I look forward to hearing your adventures.
How do we change a culture? can we? I am a baby boomer who is a CNM. I find the culture that I am practicing in "Wimpy". I lived the life of trying to have a Lamaze birth in the 60's when women were put to sleep and forceps used to "drag" the baby out. Twilight sleep was the norm, we fought to have our wishes known and because more voices were heard they paid attention!!!
Then a shift happened, those children that I birthed in the 80's are having children but not like we did. they dont want to be strong and realize that birth does have pain but it is worth it. They want epidurals to Participate without pain and since Brittany Sprears elected to have a c/s hey, I want one too
Oh by the way I would rather have it on the fifth of the Month as my mother in law is coming and I want her to help.
These women grew up in the generation of text messages, computers( I had a typewriter in high school, and if I wanted to use the phone I had to find one, one that wasnt attached to my ear)DSL,Ipods etc,
We change the culture one birth at a time, one client at a time and hopefully the pendulum will swing the other way. I hope that I will be alive when that happens, because it was a glorious birth and I felt like I could take on the world and that was 32 years ago
I hope it doesnt take that long to change this culture of birth.
I hear you, but I think it is all too easy to blame the victim. We live in a culture that gives women the subtle and not-so-subtle message that their bodies are incompetent to grow and birth their babies and that labor is an unendurably painful experience. Conventional obstetric management is one long effort to pull the rug out from under the feet of pregnant women. Every visit basically consists of a bunch of tests and measurements asking “Is there something wrong?” “No?” “Come back next month and we’ll do it all over again. The obstetrician's skills and interventions, they are told, are all that stands between their babies and the ravages of that incompetence, while an epidural will spare them the agonies of labor. Better yet, cesarean surgery is the no-muss, no-fuss, pain-free panacea for it all. Why should we be surprised when women have no confidence in themselves and are willing to swallow that message whole?
You have to remember that things were much simpler back in the '60s and '70s. Birth educators and activists were bringing good news to women: "No, you don't have to be zonked out of your mind on narcotics if you don't want to be," and "Yes, you should be able to have a loved one with you in labor." Both of those messages were common sense ones easily understood by. But electronic fetal monitoring with the false promise of perfect babies and epidurals with the equally false promise of pain-free labor with no downside shifted the ground. Now we are bringing bad news: "No, all those interventions the doctor that you trust tells you guarantee a healthy baby (or, at least, the ob can't guarantee a healthy baby if you refuse them, which amounts to the same thing) do more harm than good," and "Yes, epidurals relieve pain effectively, which narcotics never did, but they carry a whole host of problems in their train." Why on earth would they believe us? It’s like criticizing your daughter’s awful boyfriend. A few teens might listen; most will just get mad at you.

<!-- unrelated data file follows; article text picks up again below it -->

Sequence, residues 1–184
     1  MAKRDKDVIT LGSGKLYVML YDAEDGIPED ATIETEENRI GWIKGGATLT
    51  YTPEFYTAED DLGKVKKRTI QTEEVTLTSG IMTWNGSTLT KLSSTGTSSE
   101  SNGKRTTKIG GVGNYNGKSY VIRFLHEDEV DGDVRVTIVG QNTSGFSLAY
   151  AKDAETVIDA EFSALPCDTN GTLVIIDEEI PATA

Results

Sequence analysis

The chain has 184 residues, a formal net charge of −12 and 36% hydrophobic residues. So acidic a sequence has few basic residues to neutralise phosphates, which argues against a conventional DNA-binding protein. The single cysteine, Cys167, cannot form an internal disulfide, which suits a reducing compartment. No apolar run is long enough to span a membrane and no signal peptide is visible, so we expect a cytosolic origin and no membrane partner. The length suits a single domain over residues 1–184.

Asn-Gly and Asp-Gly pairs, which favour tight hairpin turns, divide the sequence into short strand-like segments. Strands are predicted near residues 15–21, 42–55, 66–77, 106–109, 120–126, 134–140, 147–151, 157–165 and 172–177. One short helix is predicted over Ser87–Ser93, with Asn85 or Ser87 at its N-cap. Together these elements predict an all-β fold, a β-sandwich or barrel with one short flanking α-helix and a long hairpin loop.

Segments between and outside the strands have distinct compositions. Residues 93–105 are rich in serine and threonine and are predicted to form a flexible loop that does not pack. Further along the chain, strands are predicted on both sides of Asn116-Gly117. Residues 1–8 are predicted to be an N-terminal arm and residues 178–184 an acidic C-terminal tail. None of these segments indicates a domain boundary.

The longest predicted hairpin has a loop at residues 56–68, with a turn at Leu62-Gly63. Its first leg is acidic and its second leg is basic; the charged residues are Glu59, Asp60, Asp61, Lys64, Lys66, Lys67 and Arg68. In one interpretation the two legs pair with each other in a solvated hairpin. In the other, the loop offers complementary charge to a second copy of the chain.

Add on to that that we are well into the second generation of high cesarean surgery rates. They seem normal to women today. Many of their mothers and aunts and cousins had them as have their sisters and friends. Small wonder that today's women aren't listening to us. But let's put the blame where it belongs: squarely on the shoulders of the obstetricians who have successfully promoted a system of management that benefits them but is provably neither safe nor effective and is incredibly costly to boot.
For more on this topic, I recommend Marsden Wagner’s book Born in the U.S.A. and Jennifer Block’s book Pushed. They are both great exposés
Wow! I am so excited to hear about all you have accomplished! You are pretty inspiring yourself. I feel honored and delighted to know that I have been part of your journey. Please keep us posted on your activities.
I am looking into becoming a birth Doula and I am not sure what steps I need to take. I live in the Atlanta area and I am seeing things on line, but I'd love more information.
CAPPA(?) and DONA were the main two that kept popping up. What are you doing?
How many hours of classes or sitting in on births or training with another Doula makes you "certified" as a birth doula?
THANKS for your help!
I know you wrote to Maria, but I thought I'd put my 2 cents in. I suggest going over the DONA and CAPPA websites to see which seems to be a better fit for you. I would also look up local doulas on the websites and get in touch with them to find out what they liked and didn't like about their training and ditto for their affiliated organization.
All Times America/New_York
Please note that this Forum is intended to help women make informed decisions about their care. The content is not a substitute for medical advice.